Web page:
This thesis investigates the phonological development of children with Autism Spectrum Disorder (ASD) with the goal of identifying autism specific patterns of language development, if any such patterns exist. Previous research into the phonology of children with autism has provided conflicting profiles, arguing that this phonological development is either typical, typical but delayed, or atypical. The current study begins with a pilot study of six children with ASD between 20 months and seven years of age. The children were audio-recorded during play to document their spontaneous speech. All of the children were found to use some age appropriate phonological processes, and some children were also found to use delayed phonological processes. The second part of the study is a case study of the development of the youngest child over the course of eight months because the speech of this child exhibited atypical patterns of infelicitous pauses between and within syllables. The duration, frequency, and decline of these pauses were tracked for the period of the study and analyzed within contemporary phonology and psycholinguistics. While the pilot results show that children with ASD may exhibit both typical and delayed phonological development, the case study documents at least one case of phonological development unique to autism that cannot be characterized as typical or typical but delayed.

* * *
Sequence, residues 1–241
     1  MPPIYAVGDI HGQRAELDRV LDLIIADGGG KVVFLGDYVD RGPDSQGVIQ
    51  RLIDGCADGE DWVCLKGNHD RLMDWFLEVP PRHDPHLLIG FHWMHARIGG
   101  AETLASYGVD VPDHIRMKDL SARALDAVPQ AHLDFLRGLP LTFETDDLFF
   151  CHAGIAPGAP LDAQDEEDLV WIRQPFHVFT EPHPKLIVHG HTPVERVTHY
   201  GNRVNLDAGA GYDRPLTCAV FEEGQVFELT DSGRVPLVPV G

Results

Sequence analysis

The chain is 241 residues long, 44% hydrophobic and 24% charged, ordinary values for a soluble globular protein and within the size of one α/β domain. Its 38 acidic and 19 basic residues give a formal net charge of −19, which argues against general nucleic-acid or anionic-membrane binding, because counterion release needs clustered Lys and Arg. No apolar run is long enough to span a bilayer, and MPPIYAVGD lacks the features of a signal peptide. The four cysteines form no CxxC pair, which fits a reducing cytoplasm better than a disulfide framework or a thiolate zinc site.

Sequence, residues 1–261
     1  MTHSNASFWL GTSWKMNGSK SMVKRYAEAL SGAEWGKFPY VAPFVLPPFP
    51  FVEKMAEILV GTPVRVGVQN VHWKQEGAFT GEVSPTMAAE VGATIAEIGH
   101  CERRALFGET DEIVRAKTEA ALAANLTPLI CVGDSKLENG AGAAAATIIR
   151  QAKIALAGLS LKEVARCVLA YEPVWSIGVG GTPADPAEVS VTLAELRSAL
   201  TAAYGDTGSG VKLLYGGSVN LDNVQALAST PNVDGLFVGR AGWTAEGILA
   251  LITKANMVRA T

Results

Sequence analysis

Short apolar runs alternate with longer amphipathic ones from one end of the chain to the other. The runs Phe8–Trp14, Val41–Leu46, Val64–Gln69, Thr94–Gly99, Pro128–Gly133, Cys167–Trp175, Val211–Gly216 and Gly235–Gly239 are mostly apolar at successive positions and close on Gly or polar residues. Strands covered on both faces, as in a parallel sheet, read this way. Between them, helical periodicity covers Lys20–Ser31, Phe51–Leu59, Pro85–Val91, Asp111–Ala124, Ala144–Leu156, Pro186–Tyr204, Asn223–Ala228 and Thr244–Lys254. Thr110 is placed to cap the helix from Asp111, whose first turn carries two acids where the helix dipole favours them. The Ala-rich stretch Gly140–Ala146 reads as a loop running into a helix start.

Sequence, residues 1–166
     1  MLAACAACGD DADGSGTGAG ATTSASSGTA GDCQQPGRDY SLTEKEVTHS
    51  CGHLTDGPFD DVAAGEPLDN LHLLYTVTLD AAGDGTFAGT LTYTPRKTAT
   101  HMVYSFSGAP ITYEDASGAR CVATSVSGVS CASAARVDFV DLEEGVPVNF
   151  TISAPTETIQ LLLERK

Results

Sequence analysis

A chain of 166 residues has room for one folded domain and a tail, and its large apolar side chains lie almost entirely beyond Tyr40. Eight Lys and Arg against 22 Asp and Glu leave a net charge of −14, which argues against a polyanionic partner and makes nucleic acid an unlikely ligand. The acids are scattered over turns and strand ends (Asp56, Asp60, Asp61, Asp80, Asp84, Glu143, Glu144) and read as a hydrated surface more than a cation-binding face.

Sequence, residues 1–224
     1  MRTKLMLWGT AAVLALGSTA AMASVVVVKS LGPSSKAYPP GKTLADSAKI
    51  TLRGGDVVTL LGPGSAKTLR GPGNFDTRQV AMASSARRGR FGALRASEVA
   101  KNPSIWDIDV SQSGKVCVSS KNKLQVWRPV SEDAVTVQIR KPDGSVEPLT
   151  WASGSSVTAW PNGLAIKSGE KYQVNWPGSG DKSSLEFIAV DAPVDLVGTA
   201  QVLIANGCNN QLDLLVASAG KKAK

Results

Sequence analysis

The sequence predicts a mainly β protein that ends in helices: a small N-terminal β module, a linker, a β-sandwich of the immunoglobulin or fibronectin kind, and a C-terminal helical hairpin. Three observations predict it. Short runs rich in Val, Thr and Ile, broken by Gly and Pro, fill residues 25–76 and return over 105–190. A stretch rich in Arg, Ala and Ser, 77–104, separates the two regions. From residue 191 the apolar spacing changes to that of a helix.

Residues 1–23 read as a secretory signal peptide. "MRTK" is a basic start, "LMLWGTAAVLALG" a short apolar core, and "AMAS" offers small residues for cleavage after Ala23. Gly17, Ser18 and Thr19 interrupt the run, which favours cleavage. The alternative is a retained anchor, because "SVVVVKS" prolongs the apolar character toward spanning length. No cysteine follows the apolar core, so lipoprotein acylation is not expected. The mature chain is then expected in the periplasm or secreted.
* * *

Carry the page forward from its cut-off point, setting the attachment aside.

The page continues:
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Thesis advisor: Alderete, John
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